Andy Woodward is a renowned soccer player who put together an exceptional career through stints at Bury Football Club, Crewe Alexandra Football Club and Sheffield United Football Club, all in the English Football League. Now retired, Woodward confessed to having been the victim of child molestation in his initial years as a soccer player, sparking many others to come out as victims.
Woodward, now 43, has carried the secret with him since the age of 11, when he first came into contact with Barry Bennell, a serial pedophile.
When asked why he had kept the incident a secret for decades, Woodward said that he thought back to his career as a soccer player and realized that there may have been many other victims, inspiring him to tell the story. In November 2016, Woodward finally broke his silence, telling reporters that he had been sexually assaulted by his former coach, Bennell.
Bennell, who was already known as a sexual offender, had been arrested in 1998 on 23 sexual offense charges. He was given nine years in prison for his crimes. When he turned 29, Woodward decided to end his professional soccer career due to severe depression and mental instability, brought on by the sexual abuse he himself had faced as a child.
In addition to himself, Woodward cites that he knows of other professional players who had also been made victims by Bennell. In the weeks following his interview, six players have come forward confirming that they too have been subject to years of abuse by coaches and scouts in the United Kingdom. In addition, an upward of 20 former professionals have broken their silence.
The allegations are currently being investigated by 17 different police forces. So far, 10 additional pedophiles have been identified. There are rumors that victims were paid off to keep quiet about the issue in order to protect the reputations of the coaches—these allegations are also currently under investigation.
Of these accounts, a former Chelsea Football Club player alleges that he was paid 50,000 pounds to keep secret years of sexual abuse from a soccer scout. Those who have publicly recounted their experiences include Paul Stewart, formerly of the Tottenham Hotspur Football Club and the England national football team, and David White, once a striker for Manchester City Football Club. The list of shamed coaches includes George Ormond, who has been in prison since 2002 for sexual abuse, and others who are already incarcerated or deceased.
During his youth, Woodward spent time at Bennell’s house during breaks and holidays under the impression that he would receive tips and training to hone his skills. After abusing him, Bennell would threaten to end Woodward’s soccer career if he publicly announced any of the offenses. In 1991, Bennell went on to marry into Woodward’s family and became his brother-in-law.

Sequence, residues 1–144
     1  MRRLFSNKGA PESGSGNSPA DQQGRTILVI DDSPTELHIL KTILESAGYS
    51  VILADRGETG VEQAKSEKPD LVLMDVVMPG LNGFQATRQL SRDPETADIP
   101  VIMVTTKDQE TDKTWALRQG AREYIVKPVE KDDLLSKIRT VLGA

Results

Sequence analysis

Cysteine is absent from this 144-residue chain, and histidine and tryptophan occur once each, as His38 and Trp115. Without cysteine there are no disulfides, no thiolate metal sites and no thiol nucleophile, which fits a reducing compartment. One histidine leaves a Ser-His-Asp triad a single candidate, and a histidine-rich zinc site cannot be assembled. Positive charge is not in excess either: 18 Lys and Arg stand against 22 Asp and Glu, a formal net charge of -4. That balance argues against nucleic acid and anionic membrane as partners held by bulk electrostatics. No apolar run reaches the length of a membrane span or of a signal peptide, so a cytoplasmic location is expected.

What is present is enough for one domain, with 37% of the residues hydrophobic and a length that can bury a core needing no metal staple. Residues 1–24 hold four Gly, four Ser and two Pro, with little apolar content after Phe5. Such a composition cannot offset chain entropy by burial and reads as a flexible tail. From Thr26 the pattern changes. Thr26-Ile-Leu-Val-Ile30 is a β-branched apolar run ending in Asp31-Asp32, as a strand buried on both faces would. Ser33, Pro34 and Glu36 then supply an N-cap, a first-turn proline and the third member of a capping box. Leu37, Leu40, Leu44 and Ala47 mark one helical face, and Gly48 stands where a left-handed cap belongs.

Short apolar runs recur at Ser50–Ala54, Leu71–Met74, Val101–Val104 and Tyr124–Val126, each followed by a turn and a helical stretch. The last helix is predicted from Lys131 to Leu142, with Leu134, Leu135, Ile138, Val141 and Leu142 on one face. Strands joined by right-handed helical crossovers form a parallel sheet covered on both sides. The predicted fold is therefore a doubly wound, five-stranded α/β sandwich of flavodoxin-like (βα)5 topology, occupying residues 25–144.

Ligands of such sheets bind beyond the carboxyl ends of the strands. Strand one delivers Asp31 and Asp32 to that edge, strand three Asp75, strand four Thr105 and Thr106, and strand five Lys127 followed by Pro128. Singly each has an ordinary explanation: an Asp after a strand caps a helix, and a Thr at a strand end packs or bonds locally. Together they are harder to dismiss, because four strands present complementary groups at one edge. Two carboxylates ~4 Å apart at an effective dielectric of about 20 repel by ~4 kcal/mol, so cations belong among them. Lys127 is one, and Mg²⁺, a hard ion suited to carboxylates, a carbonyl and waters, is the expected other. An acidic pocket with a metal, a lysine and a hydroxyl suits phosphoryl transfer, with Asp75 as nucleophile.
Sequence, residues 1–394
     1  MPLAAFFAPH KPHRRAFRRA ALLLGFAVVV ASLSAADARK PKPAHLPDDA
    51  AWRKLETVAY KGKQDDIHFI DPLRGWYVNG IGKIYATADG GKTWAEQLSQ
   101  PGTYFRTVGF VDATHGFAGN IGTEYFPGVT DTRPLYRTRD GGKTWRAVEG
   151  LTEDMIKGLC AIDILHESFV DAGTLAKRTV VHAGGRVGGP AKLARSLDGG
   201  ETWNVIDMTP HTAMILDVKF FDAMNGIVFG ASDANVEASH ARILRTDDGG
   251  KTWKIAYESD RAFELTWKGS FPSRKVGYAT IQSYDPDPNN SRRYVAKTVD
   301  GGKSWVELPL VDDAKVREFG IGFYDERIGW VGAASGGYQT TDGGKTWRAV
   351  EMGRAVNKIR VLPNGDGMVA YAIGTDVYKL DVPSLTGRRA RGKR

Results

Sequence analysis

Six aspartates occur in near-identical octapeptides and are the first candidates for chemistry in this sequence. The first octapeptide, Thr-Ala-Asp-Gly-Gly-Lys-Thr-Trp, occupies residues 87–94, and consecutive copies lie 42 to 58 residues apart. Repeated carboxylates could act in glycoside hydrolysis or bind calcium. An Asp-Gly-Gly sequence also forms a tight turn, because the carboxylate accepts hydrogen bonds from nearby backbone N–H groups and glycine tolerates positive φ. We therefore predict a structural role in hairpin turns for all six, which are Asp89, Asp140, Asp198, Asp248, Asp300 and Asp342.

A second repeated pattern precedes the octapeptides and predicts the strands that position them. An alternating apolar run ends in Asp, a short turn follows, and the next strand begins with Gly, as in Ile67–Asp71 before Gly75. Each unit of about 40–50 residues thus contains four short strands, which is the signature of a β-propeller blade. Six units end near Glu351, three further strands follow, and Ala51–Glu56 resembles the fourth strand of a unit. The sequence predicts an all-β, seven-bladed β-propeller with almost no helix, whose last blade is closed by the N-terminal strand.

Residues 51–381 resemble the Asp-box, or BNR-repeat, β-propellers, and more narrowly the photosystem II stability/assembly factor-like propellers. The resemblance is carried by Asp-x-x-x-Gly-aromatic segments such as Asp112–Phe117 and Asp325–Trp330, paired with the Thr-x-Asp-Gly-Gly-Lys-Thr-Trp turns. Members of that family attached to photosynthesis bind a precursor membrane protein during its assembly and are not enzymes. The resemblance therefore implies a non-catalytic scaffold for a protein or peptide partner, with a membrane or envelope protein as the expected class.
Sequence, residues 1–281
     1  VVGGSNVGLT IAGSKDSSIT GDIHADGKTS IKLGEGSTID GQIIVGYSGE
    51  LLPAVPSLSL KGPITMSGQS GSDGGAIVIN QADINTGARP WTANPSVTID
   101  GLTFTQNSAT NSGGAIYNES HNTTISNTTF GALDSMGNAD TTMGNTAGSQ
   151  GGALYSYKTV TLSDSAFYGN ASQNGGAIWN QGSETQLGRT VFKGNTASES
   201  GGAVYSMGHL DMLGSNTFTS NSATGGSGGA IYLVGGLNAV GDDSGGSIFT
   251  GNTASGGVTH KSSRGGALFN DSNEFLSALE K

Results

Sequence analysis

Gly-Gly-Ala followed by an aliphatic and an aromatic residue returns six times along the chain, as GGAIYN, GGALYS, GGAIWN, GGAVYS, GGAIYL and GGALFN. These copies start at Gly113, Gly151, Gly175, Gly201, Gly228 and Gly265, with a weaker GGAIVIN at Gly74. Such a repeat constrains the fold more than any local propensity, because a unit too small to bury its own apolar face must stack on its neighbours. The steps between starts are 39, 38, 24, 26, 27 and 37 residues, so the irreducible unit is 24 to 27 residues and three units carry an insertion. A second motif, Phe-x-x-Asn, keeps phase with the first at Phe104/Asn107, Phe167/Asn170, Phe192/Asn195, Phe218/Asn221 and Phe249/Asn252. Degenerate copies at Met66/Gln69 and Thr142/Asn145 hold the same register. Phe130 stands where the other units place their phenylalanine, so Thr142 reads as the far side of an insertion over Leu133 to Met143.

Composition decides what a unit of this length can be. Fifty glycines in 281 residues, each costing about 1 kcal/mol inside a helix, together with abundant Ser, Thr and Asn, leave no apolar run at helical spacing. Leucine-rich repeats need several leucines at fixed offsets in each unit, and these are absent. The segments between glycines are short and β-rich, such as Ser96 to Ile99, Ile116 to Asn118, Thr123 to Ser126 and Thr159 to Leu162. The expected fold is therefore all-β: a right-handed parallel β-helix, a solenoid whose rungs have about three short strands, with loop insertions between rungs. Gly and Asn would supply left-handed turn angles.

Officials are not yet sure of how many child abuse victims there are within the United Kingdom, but Woodward’s confession yielded hundreds of others, which indicates that there may still be more unspoken confessions out there. FIFA, the international soccer governing body, urged everyone to be active and listen to anyone who may step up and talk about child abuse.
The organization speculates that there are multiple cases of child abuse not only in the United Kingdom, but worldwide.
The National Society for the Prevention of Cruelty to Children, which is based in the United Kingdom, has received hundreds of calls on its newly setup hotline after news broke of Woodward’s confession. In the brief time between Woodward’s confession and the time it took to set up the on-call hotline, the NSPCC already made over 60 referrals to various agencies across the United Kingdom.
Fans and teammates alike have cheered on the soccer players who have come out about their abuse.
Former professional darts player Eric Bristow, however, has been insensitive to the matter. In a tweet that he later deleted, Bristow claimed that he would have “sorted that poof out” had he been in the same situation as Woodward and others.
This case has grown to such a magnitude that some people have compared it to the case of Sir James Wilson Vincent Savile, a notorious rapist and serial predator. During his time at BBC, he sexually abused hundreds of girls who were minors under the law. During the first days of the investigation behind Savile, 17 referrals had been made to agencies around the United Kingdom. This latest scandal has more than triple of that number and authorities are expecting it to grow since many athletes are publicly announcing their sexual abuse histories.
Across the pond, the incidents strike a chord with many U.S. citizens familiar with the infamous Penn State child sex abuse scandal that stained an otherwise outstanding career of the late coaching great Joe Paterno who failed to report abuse. Paterno’s tenure with the Penn State Nittany Lions came under fire when allegations surfaced about one of his aids, Jerry Sandusky, being involved in numerous sexual abuse incidents, which the program made efforts to cover up.